In 1989, Underwood joined forces with actors CCH Pounder, Danny Glover and Alfre Woodard to create the nonprofit Artists for a New South Africa (ANSA) to address the devastating impact HIV/AIDS has on families and children throughout the continent. He also took part in a stateside cross-country HIV testing tour, starting in Los Angeles and going to Washington D.C., in 2009. That same year, he opened an HIV/AIDS clinic in D.C: the Blair Underwood Healthcare Center.
Upon accepting his award, Underwood urged the audience to pay it forward. “To find our own success comes only from giving service to others. In the immortal words of that profound and deep and wise philosopher Muhammad Ali, ‘Service to others is the rent you pay for your room here on Earth.’”
Legendary actress, dancer, director and native Houstonian Debbie Allen introduced Jackson (whom she’s known since Janet was just eight years old). Jackson briefly starred in Allen’s TV series Fame during the 1980s, when HIV/AIDS first began ravaging Black and queer communities. “June 5, 1981 is the day that we all can mark in our books as important. It was on that day that an unidentified virus that decimated the dance community and so many other places was finally identified as AIDS.”
“Over 40 million people have been lost,” she said. “Among those were my boys on Fame. I lost half my dance company to AIDS.” Monitors displayed a memorial video that paid tribute to legends who died from the virus: Arthur Ashe, Easy-E, Freddie Mercury, Rock Hudson, singer Sylvester, and Allen’s “Fame” co-star Gene Anthony Ray. “As we remember, let us not forget why we are here today — because we are here to celebrate the millions of people that are living and thriving with AIDS,” she said.
Allen then introduced Jackson. “This is a special night for me,” Jackson began. “This cause has been a very big part of my life, of my career. I’ve always advocated for AIDS awareness – and to the [LGBTQ+] community, you mean so much to me,” she said. “I want to start the show off tonight by performing a song that I wrote 26 years ago. It was released on this very day: December 1st, 1997. I want to celebrate. I just want to take a moment to celebrate those who are living with it and for those that we’ve lost I know that someday we will be together again.”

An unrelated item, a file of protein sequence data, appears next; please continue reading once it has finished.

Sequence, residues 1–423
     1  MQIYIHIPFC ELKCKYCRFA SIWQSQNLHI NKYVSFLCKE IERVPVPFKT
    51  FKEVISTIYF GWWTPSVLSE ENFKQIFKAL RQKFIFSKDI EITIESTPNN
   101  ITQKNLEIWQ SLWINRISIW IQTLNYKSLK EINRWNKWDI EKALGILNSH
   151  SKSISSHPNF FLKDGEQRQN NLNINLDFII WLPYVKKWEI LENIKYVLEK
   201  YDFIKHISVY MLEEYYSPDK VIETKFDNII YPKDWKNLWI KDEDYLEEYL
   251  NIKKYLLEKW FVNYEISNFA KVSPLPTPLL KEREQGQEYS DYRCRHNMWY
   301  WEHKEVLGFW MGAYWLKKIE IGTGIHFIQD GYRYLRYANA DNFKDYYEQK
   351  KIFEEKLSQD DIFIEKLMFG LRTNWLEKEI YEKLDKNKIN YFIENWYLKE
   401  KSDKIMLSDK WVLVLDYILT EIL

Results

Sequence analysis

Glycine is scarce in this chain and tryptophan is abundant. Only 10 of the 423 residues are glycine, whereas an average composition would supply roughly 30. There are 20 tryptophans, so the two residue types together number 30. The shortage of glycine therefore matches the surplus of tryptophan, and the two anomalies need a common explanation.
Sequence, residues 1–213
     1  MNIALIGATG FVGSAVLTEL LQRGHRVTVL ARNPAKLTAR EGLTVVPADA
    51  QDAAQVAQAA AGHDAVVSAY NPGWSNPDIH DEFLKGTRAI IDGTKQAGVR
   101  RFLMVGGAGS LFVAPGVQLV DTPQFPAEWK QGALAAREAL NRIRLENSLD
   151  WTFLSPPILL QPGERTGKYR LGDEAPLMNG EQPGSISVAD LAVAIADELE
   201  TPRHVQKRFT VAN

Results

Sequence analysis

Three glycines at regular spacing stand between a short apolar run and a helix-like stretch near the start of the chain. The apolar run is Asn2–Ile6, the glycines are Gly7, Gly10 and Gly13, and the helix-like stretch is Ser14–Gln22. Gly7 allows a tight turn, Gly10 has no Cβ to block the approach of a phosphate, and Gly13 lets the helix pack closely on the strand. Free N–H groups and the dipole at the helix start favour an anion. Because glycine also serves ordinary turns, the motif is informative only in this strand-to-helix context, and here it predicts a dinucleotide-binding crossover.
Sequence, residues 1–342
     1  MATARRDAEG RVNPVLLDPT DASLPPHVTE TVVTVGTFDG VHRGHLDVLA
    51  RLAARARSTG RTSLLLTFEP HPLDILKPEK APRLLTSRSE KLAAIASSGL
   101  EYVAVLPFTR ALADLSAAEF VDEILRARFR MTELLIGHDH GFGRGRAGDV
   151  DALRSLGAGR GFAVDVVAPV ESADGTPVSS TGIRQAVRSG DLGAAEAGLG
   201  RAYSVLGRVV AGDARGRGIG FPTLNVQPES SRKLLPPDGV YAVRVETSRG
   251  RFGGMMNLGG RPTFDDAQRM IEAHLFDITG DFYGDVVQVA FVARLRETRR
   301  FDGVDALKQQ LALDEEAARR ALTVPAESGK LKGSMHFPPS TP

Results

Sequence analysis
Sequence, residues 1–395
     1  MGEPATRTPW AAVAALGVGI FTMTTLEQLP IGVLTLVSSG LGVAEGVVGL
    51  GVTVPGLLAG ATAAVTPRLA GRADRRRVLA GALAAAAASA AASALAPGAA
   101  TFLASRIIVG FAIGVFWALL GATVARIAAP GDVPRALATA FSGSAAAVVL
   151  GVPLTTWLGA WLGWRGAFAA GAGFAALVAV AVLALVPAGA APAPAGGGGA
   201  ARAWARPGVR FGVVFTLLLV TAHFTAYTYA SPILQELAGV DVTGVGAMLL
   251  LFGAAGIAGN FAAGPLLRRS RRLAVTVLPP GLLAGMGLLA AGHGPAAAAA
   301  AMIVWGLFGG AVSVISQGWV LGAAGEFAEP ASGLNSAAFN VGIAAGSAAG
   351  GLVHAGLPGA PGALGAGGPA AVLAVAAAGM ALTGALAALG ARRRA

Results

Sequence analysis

Fittingly, Jackson opened her show with “Together Again”, which she wrote to honor several close friends she lost to AIDS. But despite the somber subject matter, the song itself is an upbeat house/disco track. “I wanted to write about friends who have died of AIDS but without being mournful or sad,” Jackson wrote on her website. “I wanted to celebrate their spirit.”
Jackson thrilled the crowd with a trimmed-down version of the setlist for Jackson’s ongoing “Together Again” tour — the highest-grossing of her career. The tour divides her massive catalogue into five “acts”, with songs like “If” and “Feedback” comprising the first act. Act II focused on her 1986 album Control; audience members danced to songs like the title track, along with a medley of “Nasty” and “What Have You Done For Me Lately?”
“This is a story about control,” Jackson said. “Control of what I say, control of what I do.” Having established control, Jackson slowed things down for Act III. Handlers wheeled out a piano for a mix of ‘80s and ‘90s ballads: “Come Back to Me/Let’s Wait Awhile”, “Again”, “Any Time, Any Place”, and her No. 1 R&B hit “I Get Lonely”. Act IV featured songs from the late ‘90s and early 2000s, including “All for You” — a huge crowd-pleaser, and her last No. 1 on Billboard’s Hot 100.
In her final act, Jackson got the crowd dancing again with a slew of hits from the groundbreaking 1989 album Janet Jackson’s Rhythm Nation 1814: “Escapade,” “Miss You Much”, and “Love Will Never Do (Without You).” Jackson busted a few moves herself, performing alongside her backup dancers. (In case you were wondering: Ms. Jackson hasn’t lost a step. And the mic was ON.) She shocked the audience by including “Scream”, her iconic 1995 duet with brother Michael. Onstage monitors played the now-legendary music video before Janet reappeared onstage, singing along to the track by two sibling superstars. Fittingly, she wrapped things up with “Rhythm Nation”, a fantastic closer.
Before ending the night with a ballad, Jackson left the crowd with one final message: “I want us to always stay strong, to always fight, and to always move forward for better days.”